Throughout her nearly 55 years of existence, Barbie has accrued both a dedicated fan base and a host of critics. Whether it’s her disproportionate waist size, outfit choices or makeup, the doll has been the center of scrutiny.
In his latest attempt to combat the unattainable image Barbie presents to girls, Pittsburgh artist Nickolay Lamm has launched a crowdfunding campaign to make “Normal Barbie” dolls. Called "Lammily" dolls, the figurines are meant to have realistic body proportions, natural makeup and sport casual clothes like jean shorts, running shoes and workout gear.
“The design of Lammily is the statement itself: average is beautiful,” Lamm told the International Business Times in an email.
Lamm has previously launched two viral campaigns in the last year focused on Barbie. The first involved stripping Barbie of her makeup with the hope it would inspire toy companies to rethink the Mattel (NASDAQ:MAT) doll’s glammed-up look.
“I think it’s a little bit too hypersexualized and I think people don’t say anything because makeup has been on dolls for so long,” Lamm told Today at the time.
Lamm’s second project involved using government data on the measurements of an average 19-year-old American woman to create a 3D model of what an “average” Barbie would look like.
"If there's even a small chance of Barbie in its present form negatively influencing girls, and if Barbie looks good as an average-sized woman in America, what's stopping Mattel from making one?" Lamm told the Huffington Post about the message behind doll.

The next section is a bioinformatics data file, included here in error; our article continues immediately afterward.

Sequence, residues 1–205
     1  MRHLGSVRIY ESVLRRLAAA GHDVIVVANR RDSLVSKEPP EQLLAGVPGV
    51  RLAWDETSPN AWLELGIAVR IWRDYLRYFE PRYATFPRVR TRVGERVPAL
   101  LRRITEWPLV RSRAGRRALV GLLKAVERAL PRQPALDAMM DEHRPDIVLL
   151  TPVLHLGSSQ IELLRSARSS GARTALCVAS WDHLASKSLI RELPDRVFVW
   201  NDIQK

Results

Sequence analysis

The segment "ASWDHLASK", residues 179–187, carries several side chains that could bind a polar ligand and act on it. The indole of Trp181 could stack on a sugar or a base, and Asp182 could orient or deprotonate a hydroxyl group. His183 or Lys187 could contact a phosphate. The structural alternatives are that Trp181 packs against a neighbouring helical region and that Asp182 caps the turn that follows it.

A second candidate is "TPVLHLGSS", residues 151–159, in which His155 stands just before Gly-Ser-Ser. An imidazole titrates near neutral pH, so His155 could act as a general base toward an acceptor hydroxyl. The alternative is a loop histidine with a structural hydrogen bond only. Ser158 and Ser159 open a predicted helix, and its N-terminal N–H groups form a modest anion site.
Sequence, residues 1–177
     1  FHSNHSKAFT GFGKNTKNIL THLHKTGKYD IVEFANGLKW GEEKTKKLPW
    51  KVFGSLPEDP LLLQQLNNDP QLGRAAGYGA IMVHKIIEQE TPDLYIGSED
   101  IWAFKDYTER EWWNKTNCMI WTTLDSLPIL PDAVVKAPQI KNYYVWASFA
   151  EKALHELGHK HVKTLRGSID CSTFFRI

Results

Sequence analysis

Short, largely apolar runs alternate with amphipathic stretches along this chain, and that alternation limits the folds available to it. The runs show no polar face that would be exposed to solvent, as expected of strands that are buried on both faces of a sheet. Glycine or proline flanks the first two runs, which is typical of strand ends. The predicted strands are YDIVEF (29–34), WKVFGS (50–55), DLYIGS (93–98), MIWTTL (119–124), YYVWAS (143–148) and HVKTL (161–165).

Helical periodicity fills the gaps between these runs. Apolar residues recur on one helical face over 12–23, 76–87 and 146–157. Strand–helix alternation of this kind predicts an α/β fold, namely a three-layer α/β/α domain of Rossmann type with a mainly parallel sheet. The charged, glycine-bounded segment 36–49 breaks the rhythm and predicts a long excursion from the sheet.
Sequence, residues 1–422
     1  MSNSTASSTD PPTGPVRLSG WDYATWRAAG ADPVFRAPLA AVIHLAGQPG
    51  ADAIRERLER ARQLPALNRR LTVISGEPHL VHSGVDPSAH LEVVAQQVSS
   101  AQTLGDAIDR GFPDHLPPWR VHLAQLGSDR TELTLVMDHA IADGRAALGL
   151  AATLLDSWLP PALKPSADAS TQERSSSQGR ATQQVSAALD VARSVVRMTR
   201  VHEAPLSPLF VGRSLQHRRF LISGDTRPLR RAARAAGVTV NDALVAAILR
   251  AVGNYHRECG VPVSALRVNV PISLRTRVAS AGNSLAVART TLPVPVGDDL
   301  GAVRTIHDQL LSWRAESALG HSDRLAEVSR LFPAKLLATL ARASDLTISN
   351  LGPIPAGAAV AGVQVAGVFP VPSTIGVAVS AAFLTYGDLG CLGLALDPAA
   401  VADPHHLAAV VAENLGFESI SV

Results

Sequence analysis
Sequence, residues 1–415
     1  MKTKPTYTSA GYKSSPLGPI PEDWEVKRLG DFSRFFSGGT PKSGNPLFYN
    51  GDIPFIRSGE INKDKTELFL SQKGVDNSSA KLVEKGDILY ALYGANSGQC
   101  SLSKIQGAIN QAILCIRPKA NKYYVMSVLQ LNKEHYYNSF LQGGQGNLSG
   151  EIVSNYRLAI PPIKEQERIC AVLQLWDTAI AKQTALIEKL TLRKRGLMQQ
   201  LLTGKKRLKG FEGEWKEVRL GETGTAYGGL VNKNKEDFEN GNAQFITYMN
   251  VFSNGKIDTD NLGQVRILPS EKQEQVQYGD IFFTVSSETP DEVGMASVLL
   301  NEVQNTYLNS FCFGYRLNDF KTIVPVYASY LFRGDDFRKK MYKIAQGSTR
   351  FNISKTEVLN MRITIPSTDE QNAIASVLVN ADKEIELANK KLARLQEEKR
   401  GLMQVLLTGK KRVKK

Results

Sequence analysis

Lamm’s Lammily dolls are inspired by his past two projects.
“After I created Average Barbie, a lot of kids and mothers were asking me, 'Where can we get a doll like this?' So, Lammily is my response to them. I did this for them,” he said. “I'm not necessarily trying to send a message, I'm just trying to make an alternative which does not yet exist.”
Lamm hopes to raise $95,000 to create the Lammily dolls with the eventual goal of selling them in retail stores within the price range of existing dolls. Lamm says he has tested Lammily’s design on his young cousins and their feedback was positive.
“My cousins like the Lammily designs I showed them,” Lamm told the Christian Science Monitor. “The general consensus was that the doll looks more like them and that she looks friendly and inviting.”